Let the record show that although The Keys of Death is Clare's first novel, it wasn't her first published work. Prior to publication of The Keys of Death, Clare independently published a collection of short stories called Startling Figures. The stories in this collection are of the paranormal/supernatural variety and some involve vet med, too. Clare started with publishing these stories as a way to test the waters of independent publishing. Finding that this method suited her, she went that way again for The Keys of Death and intends to continue down the independent publishing path with her next novel and a second collection of short stories.

One noteworthy reaction from an agent early on was eye-opening, stark, and -- I agree with Clare -- incorrect. Clare was told simply there wasn't a market for vet med thrillers. "I think the timing [for this genre] is excellent," Clare retorts. "People love animals, love their dogs. Vets have a good reputation. There's a huge market for this. These are the same agents who were turning down J.K. Rowling by the dozens. So, never mind. We will go directly to our readers, thank you very much."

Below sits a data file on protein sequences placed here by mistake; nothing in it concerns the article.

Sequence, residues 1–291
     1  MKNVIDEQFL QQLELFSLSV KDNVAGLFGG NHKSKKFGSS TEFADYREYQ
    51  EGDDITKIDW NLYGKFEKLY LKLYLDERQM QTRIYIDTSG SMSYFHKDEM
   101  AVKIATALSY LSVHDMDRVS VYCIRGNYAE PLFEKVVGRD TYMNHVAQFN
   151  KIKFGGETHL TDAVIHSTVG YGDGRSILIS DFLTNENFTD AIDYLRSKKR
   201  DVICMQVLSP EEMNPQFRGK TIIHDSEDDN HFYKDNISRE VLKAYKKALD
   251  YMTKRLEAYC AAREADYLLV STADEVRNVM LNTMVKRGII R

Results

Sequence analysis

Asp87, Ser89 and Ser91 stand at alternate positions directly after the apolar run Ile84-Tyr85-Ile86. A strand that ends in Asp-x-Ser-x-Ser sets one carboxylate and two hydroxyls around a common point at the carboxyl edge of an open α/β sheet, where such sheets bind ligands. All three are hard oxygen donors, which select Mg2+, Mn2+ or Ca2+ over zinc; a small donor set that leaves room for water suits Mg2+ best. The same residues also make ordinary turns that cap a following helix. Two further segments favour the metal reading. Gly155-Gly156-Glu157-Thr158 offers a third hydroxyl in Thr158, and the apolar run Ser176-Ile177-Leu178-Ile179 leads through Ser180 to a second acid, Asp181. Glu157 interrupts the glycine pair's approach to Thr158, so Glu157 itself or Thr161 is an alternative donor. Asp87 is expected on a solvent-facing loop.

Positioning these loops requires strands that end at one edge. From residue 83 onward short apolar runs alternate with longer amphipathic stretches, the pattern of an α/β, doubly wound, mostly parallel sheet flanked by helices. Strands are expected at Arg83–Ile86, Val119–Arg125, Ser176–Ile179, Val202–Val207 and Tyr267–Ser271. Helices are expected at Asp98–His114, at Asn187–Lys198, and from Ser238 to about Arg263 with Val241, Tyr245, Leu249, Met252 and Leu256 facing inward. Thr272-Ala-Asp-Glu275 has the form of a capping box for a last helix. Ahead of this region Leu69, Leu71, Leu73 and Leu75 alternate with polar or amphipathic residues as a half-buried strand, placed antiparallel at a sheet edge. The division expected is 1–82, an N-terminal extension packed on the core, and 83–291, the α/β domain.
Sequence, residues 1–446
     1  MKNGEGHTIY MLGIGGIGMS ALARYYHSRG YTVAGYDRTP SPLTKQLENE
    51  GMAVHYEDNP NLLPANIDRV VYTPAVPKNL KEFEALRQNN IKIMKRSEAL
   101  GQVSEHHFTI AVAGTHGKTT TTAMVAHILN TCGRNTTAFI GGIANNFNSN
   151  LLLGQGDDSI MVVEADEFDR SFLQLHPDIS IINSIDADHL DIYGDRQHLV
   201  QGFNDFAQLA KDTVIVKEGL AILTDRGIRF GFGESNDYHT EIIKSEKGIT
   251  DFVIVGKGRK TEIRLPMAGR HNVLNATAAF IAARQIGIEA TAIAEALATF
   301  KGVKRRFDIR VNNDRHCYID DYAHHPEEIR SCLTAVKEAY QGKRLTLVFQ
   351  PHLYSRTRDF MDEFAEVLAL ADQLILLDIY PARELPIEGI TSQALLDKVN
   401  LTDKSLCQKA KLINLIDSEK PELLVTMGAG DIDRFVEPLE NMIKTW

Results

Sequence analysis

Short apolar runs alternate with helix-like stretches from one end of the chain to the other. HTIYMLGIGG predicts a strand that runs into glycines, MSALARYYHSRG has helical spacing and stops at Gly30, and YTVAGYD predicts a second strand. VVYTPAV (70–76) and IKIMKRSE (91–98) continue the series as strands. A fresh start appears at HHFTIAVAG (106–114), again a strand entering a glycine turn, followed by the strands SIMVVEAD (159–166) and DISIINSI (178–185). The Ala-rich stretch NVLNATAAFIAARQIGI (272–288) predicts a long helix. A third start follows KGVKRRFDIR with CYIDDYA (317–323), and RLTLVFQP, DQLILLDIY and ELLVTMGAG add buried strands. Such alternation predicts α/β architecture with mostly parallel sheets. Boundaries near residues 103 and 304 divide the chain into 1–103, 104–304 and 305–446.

"Never mind. We will go directly to our readers, thank you very much."
Currently, Clare has just finished the first draft of her next short story collection and is almost half way through the first draft of her second novel, which is a new vet med thriller, independent of The Keys of Death. It is set in the desert of the American Southwest. "It has a completely new cast of characters," says Clare.
Clare Walker, DVM